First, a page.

In the aftermath of the incident from yesterday’s post, I’ve had time to reflect on what happened. I received a lot of encouraging comments and support. This post is a collage of my later thoughts, reactions, and observances.
- Don’t be afraid of the Ugly Words. It’s okay to say, out loud, “I’m being stalked.” “Take me seriously.” and “This is not good.” Even when it feels foolish. Even when a part of you wants to think this is just a mistake, a misunderstanding. It’s okay, and even right, to say the Ugly Words out loud.
- Take it for what it is. Don’t try to manipulate the situation into a drama, but don’t downplay it into a nothing. I didn’t want to appear foolish, and so this “incident” went on far too long, and I felt far too alone. I should have been less concerned with possibly being wrong and more concerned with being protected.
- Just because nothing happened, doesn’t mean nothing happened. He kept his distance. he never approached me. He never spoke to me. But he still intentionally scared me. Intimidated me. Followed me. He. Stalked. Me.
- It’s okay to still be scared, even after the fact. I tried not to be nervous today, but I had more errands to run. And I found myself sometimes hyper-vigilant. In traffic. In crowds. In parking lots. Not always. But more than usual.
- I’m much more aware how much of ourselves we give to strangers. At one location, they asked for my phone number to look up my account. In front of five strangers, I had to audibly confirm private information. With all the technology available, they should mandate keypad entries to prevent someone else from hearing my secrets!
- Everyone has told me I should have told the manager or called the police. Let’s face it: no one wants to be considered a nuisance. And without proof, the most anyone could do is write it down for later. I already felt helpless. I didn’t want an authority figure to confirm that fact.
- I know the difference between jerks, creeps, and predators. I don’t like admitting it, but the truth is, he was a predator and I was in danger. He had a look that said he owned me. He never questioned it. I was his. And the only time he looked confused was when I glared back to put him off.
- I have a right to expect more from society than my pointing fingers and looking like a fool. But society doesn’t easily throw open its arms and say “I’ll protect you.” More often, society says, “It’s not a big deal”, “Give me hard facts”, or “There’s nothing we can do.” Society made it easier for him to intimidate me, than for me to ask for help. And I find that unacceptable.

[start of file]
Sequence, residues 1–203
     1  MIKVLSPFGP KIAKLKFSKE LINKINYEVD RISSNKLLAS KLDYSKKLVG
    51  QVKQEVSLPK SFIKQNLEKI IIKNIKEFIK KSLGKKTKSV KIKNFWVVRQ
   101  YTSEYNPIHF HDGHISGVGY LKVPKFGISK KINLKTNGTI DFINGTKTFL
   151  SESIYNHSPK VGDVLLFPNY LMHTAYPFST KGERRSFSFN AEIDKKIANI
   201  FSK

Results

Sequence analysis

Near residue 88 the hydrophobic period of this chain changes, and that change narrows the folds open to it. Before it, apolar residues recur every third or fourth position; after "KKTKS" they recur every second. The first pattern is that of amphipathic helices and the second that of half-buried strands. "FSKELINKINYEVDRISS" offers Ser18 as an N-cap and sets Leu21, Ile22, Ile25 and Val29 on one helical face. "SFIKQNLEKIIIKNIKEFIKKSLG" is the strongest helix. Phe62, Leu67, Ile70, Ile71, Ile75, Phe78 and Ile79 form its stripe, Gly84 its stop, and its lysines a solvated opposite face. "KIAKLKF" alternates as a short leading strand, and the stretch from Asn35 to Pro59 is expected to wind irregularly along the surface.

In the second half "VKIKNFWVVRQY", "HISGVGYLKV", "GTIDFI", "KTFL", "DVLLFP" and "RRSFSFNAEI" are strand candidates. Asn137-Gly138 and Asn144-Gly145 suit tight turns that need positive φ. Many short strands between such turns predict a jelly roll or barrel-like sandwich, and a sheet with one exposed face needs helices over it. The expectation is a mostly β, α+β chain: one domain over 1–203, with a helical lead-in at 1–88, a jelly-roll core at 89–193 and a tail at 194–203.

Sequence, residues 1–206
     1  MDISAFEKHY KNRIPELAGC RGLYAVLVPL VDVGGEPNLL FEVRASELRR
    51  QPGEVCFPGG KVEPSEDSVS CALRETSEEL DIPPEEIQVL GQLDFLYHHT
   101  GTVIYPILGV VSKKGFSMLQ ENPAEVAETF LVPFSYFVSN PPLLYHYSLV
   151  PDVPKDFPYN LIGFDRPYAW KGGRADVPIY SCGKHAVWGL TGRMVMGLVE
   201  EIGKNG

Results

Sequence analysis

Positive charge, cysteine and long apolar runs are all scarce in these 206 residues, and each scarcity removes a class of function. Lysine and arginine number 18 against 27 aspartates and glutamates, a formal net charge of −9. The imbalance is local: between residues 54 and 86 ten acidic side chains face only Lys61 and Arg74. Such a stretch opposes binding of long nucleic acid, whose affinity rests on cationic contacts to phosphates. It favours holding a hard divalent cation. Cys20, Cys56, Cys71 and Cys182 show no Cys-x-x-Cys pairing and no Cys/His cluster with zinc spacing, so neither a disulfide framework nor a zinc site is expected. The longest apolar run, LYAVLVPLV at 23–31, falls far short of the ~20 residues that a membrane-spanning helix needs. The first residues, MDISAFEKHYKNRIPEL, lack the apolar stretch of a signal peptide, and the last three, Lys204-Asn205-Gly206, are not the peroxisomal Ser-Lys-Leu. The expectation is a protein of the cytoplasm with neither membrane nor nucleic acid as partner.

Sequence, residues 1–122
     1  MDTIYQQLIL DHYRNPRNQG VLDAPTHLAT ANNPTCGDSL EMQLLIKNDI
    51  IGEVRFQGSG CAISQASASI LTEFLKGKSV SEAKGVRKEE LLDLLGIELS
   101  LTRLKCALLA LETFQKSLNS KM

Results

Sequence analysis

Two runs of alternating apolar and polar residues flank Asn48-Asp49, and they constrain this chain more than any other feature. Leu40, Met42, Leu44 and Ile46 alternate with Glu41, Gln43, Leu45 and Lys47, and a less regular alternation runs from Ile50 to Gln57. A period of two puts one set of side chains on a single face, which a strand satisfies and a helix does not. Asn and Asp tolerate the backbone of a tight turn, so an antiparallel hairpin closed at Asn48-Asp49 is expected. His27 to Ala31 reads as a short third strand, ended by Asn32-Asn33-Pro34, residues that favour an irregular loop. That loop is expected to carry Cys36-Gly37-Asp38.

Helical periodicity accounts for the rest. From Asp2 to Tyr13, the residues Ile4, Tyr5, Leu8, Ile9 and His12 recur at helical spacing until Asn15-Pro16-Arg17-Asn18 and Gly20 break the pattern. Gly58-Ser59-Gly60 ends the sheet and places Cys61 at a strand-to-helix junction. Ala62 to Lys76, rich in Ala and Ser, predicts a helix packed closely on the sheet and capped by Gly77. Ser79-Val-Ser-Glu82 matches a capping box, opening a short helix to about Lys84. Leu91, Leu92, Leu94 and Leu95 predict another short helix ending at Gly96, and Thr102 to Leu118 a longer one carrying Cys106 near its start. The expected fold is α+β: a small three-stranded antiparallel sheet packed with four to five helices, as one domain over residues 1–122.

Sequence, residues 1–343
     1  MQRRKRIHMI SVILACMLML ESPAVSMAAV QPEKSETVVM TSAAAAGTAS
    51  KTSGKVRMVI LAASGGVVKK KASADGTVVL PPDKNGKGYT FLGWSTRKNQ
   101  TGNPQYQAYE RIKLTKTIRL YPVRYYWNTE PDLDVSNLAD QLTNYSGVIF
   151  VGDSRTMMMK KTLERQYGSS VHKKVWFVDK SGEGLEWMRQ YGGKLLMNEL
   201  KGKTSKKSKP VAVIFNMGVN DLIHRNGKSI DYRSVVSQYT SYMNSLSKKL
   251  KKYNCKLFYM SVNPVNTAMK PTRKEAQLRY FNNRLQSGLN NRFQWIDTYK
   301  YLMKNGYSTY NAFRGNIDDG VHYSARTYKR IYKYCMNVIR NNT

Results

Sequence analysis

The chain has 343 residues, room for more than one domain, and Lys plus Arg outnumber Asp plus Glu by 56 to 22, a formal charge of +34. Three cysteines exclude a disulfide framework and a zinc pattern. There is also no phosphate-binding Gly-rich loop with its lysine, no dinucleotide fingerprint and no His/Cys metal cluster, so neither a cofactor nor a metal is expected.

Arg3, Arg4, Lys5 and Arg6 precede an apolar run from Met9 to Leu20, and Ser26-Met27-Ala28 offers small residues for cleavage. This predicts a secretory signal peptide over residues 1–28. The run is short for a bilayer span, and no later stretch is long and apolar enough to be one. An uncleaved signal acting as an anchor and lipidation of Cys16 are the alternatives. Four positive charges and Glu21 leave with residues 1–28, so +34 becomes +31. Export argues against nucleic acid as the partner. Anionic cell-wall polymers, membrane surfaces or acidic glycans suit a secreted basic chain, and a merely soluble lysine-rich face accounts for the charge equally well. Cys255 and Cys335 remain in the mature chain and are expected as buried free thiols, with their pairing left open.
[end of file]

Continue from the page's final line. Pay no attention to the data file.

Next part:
- Television is my friend. At the very moment I realized this guy was actually stalking me ~ not just looking at me, not just following me, but actively, intentionally, maliciously pursuing me ~ I recalled stories from my favorite crime dramas. I knew what to do: Be noticed. Be strong. Be prepared to fight.
- I texted Dot a few times. More than usual for that time of day. I sent her photos of the groceries in my cart. Partly because I wanted her to see what goodies would be waiting for her at home. Partly because it gave me a grounded feeling to be in contact with someone outside the situation, to pretend that it was just a normal day at the grocery store. But mostly because I wanted to leave a digital trail of where I was. I wanted to be like Hansel and Gretl finding their way back out of the forest.
- Thanks to television, I also knew what not to do: Don’t talk to him. Don’t be distracted. Don’t encourage him. But don’t back down.
- It’s okay if I lose sleep over this for a few nights. I didn’t wake up in cold sweats last night. I’m not suddenly afraid of the dark. I didn’t have nightmares. But I did have trouble falling asleep. The reality of what happened mixed with the possibility of what could have happened, and those thoughts kept turning over in my head.
- “Sunlight” no longer equals “Safe”. Even in a crowded, sunlit store and parking lot, even with smiling strangers around, I
could have beenwas in danger.
- I’m smart. I’m strong. I’m powerful. And I can fight. I knew enough of what to do to be confident. I know that was a big help in backing him down. I wonder how much braver he would have been, if I had been less so. What would have happened if I’d been more demure and timid?
- I’m thankful for my voice. I’m thankful for my inner voice giving me peace and courage in the moment. I’m thankful for my writing voice to share my story after the fact. I’m thankful for my physical voice, and I’m especially thankful I didn’t have to use it.
- I’ll be okay. Because I was okay. Because ultimately, while this incident was, and still is, very scary, I’m okay. But now I can’t stop thinking about the many women who won’t be. Whether at the hands of this man or someone else, women are in danger. And that makes me sad. And that makes me angry. And that makes me want to do something about it. I just wish I knew what.
And Frankly, My Dear… that’s all she wrote!